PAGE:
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Costa Rica
Wednesday, January 19, 2022

Costa Rica wants to know if you got vaccinated abroad

Costa Rica wants to know how many citizens and residents are getting vaccinated abroad.

The Health Ministry announced Tuesday that it will create a voluntary registry of people who received or will receive Covid-19 vaccines outside of Costa Rica. Authorities will send a survey to people who left the country between March 1 and June 9 where they can “voluntarily indicate if they received the immunization against COVID-19 on said trip.”

“The survey will be sent to more than 60,000 people starting this Thursday, June 24, and will remain active for two weeks, until Thursday, July 8,” the Health Ministry says.

In addition, the Health Pass now includes a section in which travelers entering Costa Rica can indicate if they received a Covid-19 vaccine abroad. Two-dozen people have already responded in the affirmative.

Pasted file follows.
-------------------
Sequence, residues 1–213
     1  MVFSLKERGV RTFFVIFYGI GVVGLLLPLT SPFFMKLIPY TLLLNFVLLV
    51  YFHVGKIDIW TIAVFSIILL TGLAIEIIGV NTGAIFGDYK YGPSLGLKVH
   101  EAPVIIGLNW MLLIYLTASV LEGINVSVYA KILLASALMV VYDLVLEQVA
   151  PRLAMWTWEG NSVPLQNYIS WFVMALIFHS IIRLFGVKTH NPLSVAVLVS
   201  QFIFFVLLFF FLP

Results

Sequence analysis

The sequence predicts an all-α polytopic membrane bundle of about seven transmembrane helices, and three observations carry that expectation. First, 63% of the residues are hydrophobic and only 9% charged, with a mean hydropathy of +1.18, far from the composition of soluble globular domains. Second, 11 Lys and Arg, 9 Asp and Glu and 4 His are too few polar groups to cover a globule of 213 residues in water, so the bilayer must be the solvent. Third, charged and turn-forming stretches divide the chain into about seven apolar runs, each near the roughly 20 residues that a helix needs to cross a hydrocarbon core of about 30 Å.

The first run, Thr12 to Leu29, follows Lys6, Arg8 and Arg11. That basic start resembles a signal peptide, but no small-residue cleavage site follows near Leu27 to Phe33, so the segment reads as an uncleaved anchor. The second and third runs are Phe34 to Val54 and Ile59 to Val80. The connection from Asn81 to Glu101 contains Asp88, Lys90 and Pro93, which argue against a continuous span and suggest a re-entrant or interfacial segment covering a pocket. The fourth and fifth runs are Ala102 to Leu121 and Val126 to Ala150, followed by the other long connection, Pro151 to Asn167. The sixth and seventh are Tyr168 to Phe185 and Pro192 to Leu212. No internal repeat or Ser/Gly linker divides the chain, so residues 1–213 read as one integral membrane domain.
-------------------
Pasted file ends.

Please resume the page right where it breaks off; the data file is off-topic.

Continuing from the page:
The registry will not store personal data, the Health Ministry says. But if a significant number of Costa Ricans have indeed been inoculated elsewhere, it could move the country closer to lifting remaining restrictions.

Costa Rica has administered 2.3 million vaccines, or 45.1 per 100 residents, but an unknown number of Ticos have taken “vaccine vacations” to get their jabs elsewhere. Earlier this year, local travel agencies expected 10,000 Ticos to visit the United States for their shots.

Travel packages are pricy — this one is $1,600 — but include airfare to the U.S., accommodation, and transportation to and from the vaccination site.

This is all possible because many U.S. states do not ask for proof of residency when scheduling Covid-19 vaccines. In addition, the United States has a surplus of vaccines, and Covid-19 vaccine providers in the U.S. cannot charge individuals for the vaccine.

While vaccine vacations to the United States are not explicitly illegal, they do raise ethical concerns.

“Let me say that vaccine tourism is not the solution, but rather a symptom of the inequality in the distribution of vaccines in the Americas,”  said Carissa Etienne, director of the regional office of the World Health Organization (WHO), earlier this year.

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